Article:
Posted: Friday, 25 June 2010
TORONTO - Toronto’s streets will be safer this weekend, as the result of a court ruling earlier today that forced Toronto police to adopt safer operating procedures for their new LRADs (Long Range Acoustic Devices), also known as sonic cannons.
A Toronto court judge granted an injunction against the Toronto Police Force, preventing them from using the “alert”, or sonic beam function of the LRADs because their operating procedures failed to guarantee the devices could be used without hurting people. That injunction was later lifted when Toronto police agreed to adopt the Ontario Provincial Police (OPP) operating procedures, which the judge found to be safer.
Ken Georgetti, President of the Canadian Labour Congress calls today’s ruling a clear-cut victory for public safety.
“By going to court, we forced both the Toronto Police and the OPP to come up with safer operating procedures for these new and, as we now know, potentially harmful crowd control devices. Both police forces were forced to amend their existing procedures numerous times while we had them in court, and only at the last minute did the OPP come up with something that satisfied a judge. Toronto’s streets will be much safer for everyone this weekend as a result. It’s too bad we had to go to court to get this done,” said Georgetti.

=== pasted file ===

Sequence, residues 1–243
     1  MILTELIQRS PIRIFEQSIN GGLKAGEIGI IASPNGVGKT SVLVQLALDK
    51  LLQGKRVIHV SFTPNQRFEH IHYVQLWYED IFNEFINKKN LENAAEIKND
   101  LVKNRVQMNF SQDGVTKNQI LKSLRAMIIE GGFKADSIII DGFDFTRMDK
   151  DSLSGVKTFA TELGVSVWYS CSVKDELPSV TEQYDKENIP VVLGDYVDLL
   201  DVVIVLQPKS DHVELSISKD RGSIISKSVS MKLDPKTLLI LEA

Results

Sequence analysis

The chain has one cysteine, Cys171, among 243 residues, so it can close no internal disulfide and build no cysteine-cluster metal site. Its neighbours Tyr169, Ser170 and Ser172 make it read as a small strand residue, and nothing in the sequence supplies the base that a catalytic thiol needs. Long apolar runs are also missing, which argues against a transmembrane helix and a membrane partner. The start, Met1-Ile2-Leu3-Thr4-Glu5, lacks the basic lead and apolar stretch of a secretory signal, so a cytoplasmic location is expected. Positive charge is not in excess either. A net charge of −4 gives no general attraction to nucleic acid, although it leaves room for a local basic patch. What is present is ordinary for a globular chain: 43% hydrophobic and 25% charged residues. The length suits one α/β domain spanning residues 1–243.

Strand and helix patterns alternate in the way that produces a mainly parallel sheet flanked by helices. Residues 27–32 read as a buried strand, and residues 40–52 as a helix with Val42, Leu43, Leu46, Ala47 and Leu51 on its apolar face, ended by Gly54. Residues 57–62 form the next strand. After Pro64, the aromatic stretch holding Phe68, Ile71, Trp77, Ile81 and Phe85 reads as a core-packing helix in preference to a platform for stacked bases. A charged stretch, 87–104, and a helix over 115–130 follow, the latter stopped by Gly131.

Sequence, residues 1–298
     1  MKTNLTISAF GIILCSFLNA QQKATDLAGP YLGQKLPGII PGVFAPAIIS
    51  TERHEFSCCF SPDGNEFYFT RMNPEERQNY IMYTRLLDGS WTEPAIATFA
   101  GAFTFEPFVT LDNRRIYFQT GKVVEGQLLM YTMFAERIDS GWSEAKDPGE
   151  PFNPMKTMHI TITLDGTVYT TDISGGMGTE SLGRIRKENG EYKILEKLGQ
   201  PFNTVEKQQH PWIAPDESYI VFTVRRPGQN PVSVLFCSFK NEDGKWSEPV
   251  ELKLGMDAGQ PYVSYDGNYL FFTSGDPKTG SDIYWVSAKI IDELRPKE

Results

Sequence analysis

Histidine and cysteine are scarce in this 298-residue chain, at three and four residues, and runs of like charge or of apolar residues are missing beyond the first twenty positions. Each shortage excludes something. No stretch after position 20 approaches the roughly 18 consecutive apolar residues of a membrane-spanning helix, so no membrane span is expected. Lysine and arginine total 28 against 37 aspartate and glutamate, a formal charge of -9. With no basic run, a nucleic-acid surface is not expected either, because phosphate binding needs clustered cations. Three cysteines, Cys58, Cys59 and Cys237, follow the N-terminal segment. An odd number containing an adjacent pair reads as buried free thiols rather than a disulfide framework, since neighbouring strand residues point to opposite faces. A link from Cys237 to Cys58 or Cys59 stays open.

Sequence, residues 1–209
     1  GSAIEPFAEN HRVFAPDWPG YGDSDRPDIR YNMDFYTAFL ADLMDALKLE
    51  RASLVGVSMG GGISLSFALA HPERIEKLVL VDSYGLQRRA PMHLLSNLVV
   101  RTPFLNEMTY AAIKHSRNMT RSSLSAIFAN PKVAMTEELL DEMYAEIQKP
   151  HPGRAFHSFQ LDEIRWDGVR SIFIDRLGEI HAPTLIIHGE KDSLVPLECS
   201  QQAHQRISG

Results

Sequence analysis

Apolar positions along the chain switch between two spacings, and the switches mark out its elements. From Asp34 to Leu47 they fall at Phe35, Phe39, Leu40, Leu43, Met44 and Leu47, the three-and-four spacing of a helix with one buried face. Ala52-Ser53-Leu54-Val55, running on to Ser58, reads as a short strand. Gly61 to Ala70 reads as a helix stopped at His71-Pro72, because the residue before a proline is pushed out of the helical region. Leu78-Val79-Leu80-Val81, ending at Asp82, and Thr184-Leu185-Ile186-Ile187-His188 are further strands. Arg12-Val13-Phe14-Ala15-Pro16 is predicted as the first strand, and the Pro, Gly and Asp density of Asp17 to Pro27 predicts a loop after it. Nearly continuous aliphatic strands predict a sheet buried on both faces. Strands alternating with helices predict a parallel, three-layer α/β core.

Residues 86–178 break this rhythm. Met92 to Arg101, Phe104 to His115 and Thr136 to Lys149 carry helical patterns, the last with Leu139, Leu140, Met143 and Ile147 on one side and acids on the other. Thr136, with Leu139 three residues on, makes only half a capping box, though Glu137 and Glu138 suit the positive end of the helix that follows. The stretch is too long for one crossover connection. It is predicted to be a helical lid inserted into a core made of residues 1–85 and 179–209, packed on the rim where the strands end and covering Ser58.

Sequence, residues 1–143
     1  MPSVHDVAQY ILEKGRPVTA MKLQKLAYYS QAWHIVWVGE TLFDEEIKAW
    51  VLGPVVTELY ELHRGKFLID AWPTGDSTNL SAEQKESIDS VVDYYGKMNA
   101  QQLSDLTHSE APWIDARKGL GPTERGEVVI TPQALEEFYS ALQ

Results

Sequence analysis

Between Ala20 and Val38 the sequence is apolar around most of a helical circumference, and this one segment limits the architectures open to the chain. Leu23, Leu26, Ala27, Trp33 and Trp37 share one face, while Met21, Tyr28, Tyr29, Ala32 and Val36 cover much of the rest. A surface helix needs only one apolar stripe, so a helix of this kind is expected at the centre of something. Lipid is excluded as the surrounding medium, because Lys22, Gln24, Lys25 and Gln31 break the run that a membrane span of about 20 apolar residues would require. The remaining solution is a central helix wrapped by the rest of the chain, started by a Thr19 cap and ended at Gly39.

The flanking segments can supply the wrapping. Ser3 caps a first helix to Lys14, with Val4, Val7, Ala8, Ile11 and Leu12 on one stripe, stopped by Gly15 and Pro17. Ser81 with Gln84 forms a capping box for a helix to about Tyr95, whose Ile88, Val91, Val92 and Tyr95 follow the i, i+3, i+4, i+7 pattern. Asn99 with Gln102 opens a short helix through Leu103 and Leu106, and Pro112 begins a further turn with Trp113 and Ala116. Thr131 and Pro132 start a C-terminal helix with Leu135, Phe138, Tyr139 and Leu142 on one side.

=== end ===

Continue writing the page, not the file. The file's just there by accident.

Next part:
Georgetti wants police to voluntarily refrain from using, or better still, disable the pain-causing alert function of the LRADs during the G20 weekend. Even though the OPP guidelines were found reasonably safe, officers have had little experience using the devices and just one day to learn the new operating guidelines.
The Canadian Labour Congress is the lead organizer of the “People First!” rally and march, which will be the largest protest during the Toronto G20 Summit. It starts at 1:00 on Saturday on the south lawn of Queen’s Park and then takes to the streets north of the downtown security zone.
The Canadian Labour Congress, the national voice of the labour movement, represents 3.2 million Canadian workers. The CLC brings together Canada’s national and international unions along with the provincial and territorial federations of labour and 130 district labour councils. Web site: www.canadianlabour.ca
Contact: Jeff Atkinson – 613-863-1413 or email@example.com